There is absolutely no way interest rates could rise to 5-7% without totally destroying the current financial and monetary systems; there is just too much astronomical debt in the system and hundreds of trillions of $ of interest rate derivatives. The only way we could return to a 7% interest rate environment would be if the current monetary system collapsed and we got a new one flushed clean of debt - in other words, all the savers out there would lose their savings, because on the other end of every dollar or bond saved is a debt that cannot be honoured. To all the baby-boomer nest-eggers out there expecting to retire on their stocks and bonds - I'm sorry to report to you that it will not happen. You have been duped into participating in yet more ponzi scheme RRSP's (in Canada) or 401K's (in the US). You are going to lose your life savings. Any residential real estate you own will get clobbered, because we all know what happens to real estate when rates rise... The economy cannot possibly grow to provide value to your (debt-based) investments that you believe represent real wealth.
Anyone who casually looks out the window and concludes that what is going in society now resembles anything close to historical norms is in for a big surprise. Look what's happening to the gold market - the privately-owned Federal Reserve seems to be about finished selling off the American citizens' sovereign gold, as China, India, and pretty much every other country besides N America and Europe is voraciously buying it up at these ridiculously low manipulated prices designed to provide one last desperate gasp for the US dollar. Once the gold is gone, the dollar will be rejected in international settlements, the US will no longer be able to import almost ½ the oil it consumes, rates will rise, and it will descend into darkness. We can only hope that Bernanke and the banksters still have a shred of decency left in them and have kept a small hoard of gold with which to back a new currency with - but I doubt it.
The system WILL end, and it will not end with a whimper. No statistics will be needed to determine when that transition happens. All this talk about whether total global oil production is up or down a smidgeon based on how such and such entity interprets density or energy content differences between NGL's and crude, etc. etc -- it's all just statistical noise. It's good for showing how we are approaching PO and why the global economy cannot continue to grow, but it isn't PO. When PO happens, there will be no doubt in anyone's mind that it is here.
While it's easy for those who understand how the system works to identify that we're near the peak of the greatest ponzi scheme in the history of the world, it's much more difficult to predict when it will crash. We are up against VERY powerful forces who will do whatever it takes to preserve BAU... until they can't anymore. It will not end until the world ends, at least "the end of the world" as we know it. Those in control will lose control when this happens, and the central banks are pulling one rabbit after another out of their hats to delay it. But they cannot violate the laws of physics and they are running out of rabbits, and all this is doing is further inflating the ponzi scheme which will make the inevitable collapse even worse, because every year that this continues, we are consuming more and more resources away at unsustainable rates, using artificially inflated dollars - resources that could otherwise be put towards developing renewable energy, and WOULD otherwise be left in the ground and extracted at slower rates in a normal interest rate environment - in other words, we'd be clearly beyond PO right now if it weren't for central bank manipulation of the monetary system.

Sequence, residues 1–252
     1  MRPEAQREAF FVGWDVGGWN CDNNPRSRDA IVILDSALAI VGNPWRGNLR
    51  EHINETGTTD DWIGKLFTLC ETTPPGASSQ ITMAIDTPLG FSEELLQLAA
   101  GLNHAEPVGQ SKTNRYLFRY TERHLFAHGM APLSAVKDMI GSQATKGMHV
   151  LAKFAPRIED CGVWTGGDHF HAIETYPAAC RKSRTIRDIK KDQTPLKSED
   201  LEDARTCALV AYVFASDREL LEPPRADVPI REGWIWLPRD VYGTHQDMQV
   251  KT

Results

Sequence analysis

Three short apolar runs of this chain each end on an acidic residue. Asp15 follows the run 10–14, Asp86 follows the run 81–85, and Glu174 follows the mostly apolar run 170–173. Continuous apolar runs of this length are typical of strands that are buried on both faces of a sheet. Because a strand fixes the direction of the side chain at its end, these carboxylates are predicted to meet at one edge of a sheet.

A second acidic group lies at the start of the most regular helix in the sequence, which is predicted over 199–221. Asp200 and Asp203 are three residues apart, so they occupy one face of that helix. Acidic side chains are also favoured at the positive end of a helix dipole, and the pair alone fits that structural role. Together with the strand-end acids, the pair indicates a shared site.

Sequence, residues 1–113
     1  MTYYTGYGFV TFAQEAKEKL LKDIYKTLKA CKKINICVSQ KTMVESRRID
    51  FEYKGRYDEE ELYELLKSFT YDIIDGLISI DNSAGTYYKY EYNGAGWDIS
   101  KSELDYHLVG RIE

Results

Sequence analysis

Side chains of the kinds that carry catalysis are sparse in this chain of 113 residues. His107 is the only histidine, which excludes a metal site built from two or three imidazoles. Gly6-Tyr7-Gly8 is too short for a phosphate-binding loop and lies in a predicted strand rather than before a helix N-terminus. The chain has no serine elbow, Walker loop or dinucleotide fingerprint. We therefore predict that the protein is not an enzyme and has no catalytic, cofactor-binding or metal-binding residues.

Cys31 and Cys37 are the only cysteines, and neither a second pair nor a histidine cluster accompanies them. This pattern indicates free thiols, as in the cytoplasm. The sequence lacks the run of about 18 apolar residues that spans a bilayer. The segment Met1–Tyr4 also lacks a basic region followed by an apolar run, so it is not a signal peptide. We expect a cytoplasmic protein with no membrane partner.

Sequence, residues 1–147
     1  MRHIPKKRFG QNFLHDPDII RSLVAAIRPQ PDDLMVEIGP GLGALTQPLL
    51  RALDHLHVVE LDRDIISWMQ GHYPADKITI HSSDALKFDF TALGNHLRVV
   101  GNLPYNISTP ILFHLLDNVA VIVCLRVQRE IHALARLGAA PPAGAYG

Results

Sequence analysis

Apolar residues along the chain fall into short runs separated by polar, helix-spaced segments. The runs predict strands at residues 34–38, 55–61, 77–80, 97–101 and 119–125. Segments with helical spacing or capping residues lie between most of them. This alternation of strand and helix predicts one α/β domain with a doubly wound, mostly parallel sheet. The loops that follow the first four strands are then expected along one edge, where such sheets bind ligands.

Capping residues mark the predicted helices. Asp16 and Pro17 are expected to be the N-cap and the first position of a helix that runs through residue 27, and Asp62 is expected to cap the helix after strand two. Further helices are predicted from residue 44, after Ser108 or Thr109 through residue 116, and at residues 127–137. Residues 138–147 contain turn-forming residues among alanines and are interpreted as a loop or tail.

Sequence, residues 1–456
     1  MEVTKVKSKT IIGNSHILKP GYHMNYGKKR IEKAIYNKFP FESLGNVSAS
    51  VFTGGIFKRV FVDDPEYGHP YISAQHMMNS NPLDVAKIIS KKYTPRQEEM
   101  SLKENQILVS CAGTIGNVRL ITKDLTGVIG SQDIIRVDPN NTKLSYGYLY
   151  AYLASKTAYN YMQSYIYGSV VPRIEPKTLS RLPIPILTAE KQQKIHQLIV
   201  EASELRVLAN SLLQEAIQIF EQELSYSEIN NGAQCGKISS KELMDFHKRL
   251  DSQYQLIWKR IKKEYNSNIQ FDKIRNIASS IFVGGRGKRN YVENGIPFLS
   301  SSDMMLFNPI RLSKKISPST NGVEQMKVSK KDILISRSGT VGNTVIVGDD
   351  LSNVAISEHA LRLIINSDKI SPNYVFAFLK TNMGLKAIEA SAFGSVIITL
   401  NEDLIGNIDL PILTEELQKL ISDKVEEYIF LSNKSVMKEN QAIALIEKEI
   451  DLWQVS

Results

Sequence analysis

And the whole time up until the system crashes, those predicting this outcome will get ridiculed by those who don't understand how the system works, who don't see the fundamentals which undeniably point to an imminent "end of the world". But when it does happen, those deniers will lose their shirts (like in 2008), and those who correctly position themselves will make a killing (like those shorting the stock markets in 2008).
And while it might be tempting for the Chicken Littles to do some "told ya so" ing afterwards, it will provide little satisfaction because it will be too late - the world will be on its downward spiral. And the naysayers taunting the doomers will mysteriously vanish into the woodwork, just like they always do after every ponzi scheme crashes.
The doomers WILL be vindicated, and I would hazard a guess that it will be happening fairly soon. But I am not a central banker, so I cannot predict exactly when. I hope this post goes into TOD's archives as one of the last summaries wrapping the whole theme together, an attempt to bring the financial and energy systems together, something I wish TOD had spent more time focussing on when it was still alive. It's given up having covered only half the story.
"Null Hypothesis" real name is Mark B Cunnington [his blog]. "Summary of our situation," that you just read above [Link is here]. Also, check this letter that Mark wrote. Refreshing. There is no BS.
The link in the attribution to the author's blog: http://markbc.net/doomer-economic-commentary/
The actual named [Link is here] also in that attribution, which and submitted by the original author as a comment: http://www.theoildrum.com/node/10095#comment-971372
(I might add that The Oil Drum is another site I think worthy of visiting occasionally in a similar spirit and reasoning which I use to visit Zero Hedge.)
And here is where I originally found this: http://www.zerohedge.com/node/476911#comments